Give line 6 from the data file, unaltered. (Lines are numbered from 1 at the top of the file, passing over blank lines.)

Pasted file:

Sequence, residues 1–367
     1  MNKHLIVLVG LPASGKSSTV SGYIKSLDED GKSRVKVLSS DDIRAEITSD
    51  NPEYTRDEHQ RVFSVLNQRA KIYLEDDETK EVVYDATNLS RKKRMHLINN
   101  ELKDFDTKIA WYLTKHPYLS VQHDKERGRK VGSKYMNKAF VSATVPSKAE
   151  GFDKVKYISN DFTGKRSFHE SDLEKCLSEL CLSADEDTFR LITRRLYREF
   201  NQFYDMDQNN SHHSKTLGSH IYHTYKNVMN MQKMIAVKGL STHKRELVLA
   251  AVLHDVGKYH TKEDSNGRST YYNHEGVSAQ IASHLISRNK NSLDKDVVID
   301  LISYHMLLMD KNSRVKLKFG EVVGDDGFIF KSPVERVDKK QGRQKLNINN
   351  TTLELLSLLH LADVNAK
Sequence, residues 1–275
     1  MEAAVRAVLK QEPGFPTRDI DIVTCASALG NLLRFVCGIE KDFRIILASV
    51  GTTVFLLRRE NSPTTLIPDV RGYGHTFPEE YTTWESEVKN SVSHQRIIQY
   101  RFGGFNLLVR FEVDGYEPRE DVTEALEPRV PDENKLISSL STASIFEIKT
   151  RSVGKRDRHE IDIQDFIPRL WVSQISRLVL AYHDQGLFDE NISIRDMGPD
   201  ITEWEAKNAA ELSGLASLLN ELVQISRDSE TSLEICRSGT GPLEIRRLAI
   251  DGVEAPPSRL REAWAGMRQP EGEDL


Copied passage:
   201  NQFYDMDQNN SHHSKTLGSH IYHTYKNVMN MQKMIAVKGL STHKRELVLA